SEC chairman Gary Gensler said today that he wants a draft proposal for mandatory climate risk disclosures by the end of this year, and dropped more hints than ever before about what that proposal might entail.
Gensler made his remarks on a webinar hosted by Principles for Responsible Investment, a think tank that supports more consideration of ESG issues in investment decisions. This particular webinar was titled Climate and Global Financial Markets, so Gensler was clearly preaching to the choir.
Preaching what, exactly? That’s harder to say. Gensler spent most of his time talking about what he has asked SEC staff to consider in their climate proposal, rather than what he wants to see in the proposal itself. And the idea of a climate risk disclosure rule is not new; SEC officials have been talking up their desire for more such disclosure for months.
Still, a few points from Gensler’s comments are worth noting.
First, Gensler wants that proposed rule by the end of this year. As in, “I have asked SEC staff to develop a mandatory climate risk disclosure rule proposal for the Commission’s consideration by the end of the year.” Can’t get much more clear than that.
Second, Gensler wants a proposal for mandatory disclosure, rather than voluntary; because that strengthens consistency and comparability of disclosure among large groups of filers. In contrast, “when disclosures remain voluntary, it can lead to a wide range of inconsistent disclosures,” he said. So it seems like a rule for mandatory climate risk disclosure is highly likely.
Another question is whether climate disclosures would be filed as part of the 10-K, where liability attaches for making erroneous disclosures; or only furnished, where liability doesn’t. Gensler said he asked SEC staff to consider that issue, but didn’t say what he prefers.
Levels of Climate Risk Detail
Let’s assume for a moment that the SEC does mandate disclosure of climate change risks in the 10-K. The next question for companies is how much detail they would need to include. That’s an important point, because the answer will dictate how much information gathering that someone (quite possibly you, the compliance officer) will need to gather from your own business operations and from your third parties.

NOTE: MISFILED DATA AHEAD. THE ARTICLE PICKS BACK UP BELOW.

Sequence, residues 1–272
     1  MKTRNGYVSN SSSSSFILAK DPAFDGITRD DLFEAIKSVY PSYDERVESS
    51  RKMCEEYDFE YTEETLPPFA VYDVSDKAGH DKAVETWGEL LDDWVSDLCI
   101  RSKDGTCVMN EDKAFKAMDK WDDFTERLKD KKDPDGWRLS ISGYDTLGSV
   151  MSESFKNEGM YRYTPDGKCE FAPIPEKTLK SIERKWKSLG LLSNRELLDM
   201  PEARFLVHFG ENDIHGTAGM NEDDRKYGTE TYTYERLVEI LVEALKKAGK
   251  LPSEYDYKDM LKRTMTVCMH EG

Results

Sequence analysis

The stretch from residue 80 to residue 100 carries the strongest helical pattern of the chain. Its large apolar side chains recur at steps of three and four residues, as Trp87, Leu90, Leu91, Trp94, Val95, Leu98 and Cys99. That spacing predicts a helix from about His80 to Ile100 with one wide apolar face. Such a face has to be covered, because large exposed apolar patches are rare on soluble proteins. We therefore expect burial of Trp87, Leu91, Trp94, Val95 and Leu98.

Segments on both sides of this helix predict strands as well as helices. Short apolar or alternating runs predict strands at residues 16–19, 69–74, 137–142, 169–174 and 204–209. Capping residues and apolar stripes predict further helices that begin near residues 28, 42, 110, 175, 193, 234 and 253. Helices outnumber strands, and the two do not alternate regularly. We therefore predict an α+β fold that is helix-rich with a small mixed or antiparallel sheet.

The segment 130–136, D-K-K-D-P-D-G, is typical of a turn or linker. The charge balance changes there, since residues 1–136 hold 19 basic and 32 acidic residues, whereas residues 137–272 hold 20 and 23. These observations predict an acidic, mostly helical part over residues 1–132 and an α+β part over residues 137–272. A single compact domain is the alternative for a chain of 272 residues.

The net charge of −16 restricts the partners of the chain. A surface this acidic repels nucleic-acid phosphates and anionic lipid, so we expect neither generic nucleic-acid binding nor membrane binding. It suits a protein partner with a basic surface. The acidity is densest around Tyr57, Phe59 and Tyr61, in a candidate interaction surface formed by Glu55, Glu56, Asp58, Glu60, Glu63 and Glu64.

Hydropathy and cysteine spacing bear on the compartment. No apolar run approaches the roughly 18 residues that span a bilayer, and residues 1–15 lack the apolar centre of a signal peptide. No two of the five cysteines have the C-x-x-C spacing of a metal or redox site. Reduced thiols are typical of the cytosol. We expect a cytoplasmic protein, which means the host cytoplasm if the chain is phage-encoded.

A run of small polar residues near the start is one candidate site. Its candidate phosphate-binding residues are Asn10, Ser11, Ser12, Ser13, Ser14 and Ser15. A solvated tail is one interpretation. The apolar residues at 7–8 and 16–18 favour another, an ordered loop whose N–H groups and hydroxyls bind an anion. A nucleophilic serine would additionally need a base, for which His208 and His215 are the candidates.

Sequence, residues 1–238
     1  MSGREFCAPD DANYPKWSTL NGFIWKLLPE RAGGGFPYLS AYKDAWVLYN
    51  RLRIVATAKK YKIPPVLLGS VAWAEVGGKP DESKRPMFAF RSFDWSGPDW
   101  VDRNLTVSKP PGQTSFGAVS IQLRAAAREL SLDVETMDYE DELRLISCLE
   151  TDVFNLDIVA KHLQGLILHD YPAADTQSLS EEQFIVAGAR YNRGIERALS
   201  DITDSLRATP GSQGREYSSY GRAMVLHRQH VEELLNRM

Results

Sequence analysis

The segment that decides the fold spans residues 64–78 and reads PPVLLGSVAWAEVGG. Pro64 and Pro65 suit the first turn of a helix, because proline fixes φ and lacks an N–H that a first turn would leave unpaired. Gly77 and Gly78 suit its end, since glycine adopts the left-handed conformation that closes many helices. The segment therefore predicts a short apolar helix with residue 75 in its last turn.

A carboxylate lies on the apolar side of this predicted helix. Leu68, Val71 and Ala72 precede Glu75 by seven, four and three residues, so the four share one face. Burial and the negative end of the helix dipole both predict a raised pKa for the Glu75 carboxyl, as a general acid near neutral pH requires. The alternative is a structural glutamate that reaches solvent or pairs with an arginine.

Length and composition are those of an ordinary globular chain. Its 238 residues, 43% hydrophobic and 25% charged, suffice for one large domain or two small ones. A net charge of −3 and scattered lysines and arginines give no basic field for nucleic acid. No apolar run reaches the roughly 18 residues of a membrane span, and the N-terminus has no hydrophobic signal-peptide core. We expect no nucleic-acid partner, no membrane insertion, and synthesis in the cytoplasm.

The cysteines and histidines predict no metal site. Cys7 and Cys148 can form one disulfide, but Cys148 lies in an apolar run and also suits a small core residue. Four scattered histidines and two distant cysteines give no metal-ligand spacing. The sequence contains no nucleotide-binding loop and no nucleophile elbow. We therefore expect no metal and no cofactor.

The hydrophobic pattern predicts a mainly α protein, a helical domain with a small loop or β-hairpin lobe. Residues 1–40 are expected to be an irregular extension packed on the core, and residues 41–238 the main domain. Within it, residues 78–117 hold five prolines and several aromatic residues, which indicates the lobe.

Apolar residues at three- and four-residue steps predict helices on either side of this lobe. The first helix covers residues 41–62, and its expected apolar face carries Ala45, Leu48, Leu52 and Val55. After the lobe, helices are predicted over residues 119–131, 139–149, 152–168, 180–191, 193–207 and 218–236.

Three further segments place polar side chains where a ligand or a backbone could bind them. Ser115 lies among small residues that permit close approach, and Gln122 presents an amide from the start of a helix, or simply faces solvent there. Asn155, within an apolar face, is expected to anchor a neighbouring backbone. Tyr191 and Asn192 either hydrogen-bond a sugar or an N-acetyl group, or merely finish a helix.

Gensler said he wants climate disclosures to be “decision-useful.” What does that mean? Gensler explained:
A decision-useful disclosure has sufficient detail so investors can gain helpful information — it’s not simply generic text. In appropriate circumstances, I believe such prescribed disclosure strengthens comparability… Qualitative disclosures could answer key questions, such as how the company’s leadership manages climate-related risks and opportunities and how these factors feed into the company’s strategy. Quantitative disclosures could include metrics related to greenhouse gas emissions, financial impacts of climate change, and progress towards climate-related goals.
Gensler also said he has asked SEC staff to consider both types of disclosure in their proposed rule. So compliance, sustainability, and risk management executives should start thinking now about how their company would fulfill either type of disclosure.
For an example of quantitative disclosures, consider greenhouse gas emissions. Right now, some companies already report so-called Scope 1 emissions (emissions directly from a company’s own operations) or Scope 2 (emissions generated by a company’s consumption of electricity).
But many investors, Gensler said, also want to know about a company’s Scope 3 emissions: the total greenhouse gas emissions generated from a company’s supply chain. So, Gensler continued, “I’ve asked staff to make recommendations about how companies might disclose their Scope 1 and Scope 2 emissions, along with whether to disclose Scope 3 emissions — and if so, how and under what circumstances.”
The chairman then linked that disclosure issue to companies that proclaim their emissions will be net-zero by some future date. Well, Gensler asked, “Do they mean net zero with respect to Scope 1, Scope 2, or Scope 3 emissions?”
For whatever it may be worth, this was the only specific example Gensler gave in his speech. My gut tells me that compliance and corporate disclosure folks pay attention to that. It’s suggestive of the level of detail you might need to anticipate for these disclosures.
One other notable item: Gensler did not mention whether climate disclosures should be audited. The audit industry does favor this idea because, duh, it’s another revenue stream for the firms — but disclosures that must be audited exist on a higher level of headache than those that don’t. So I’ll be curious to see where the SEC lands on this question.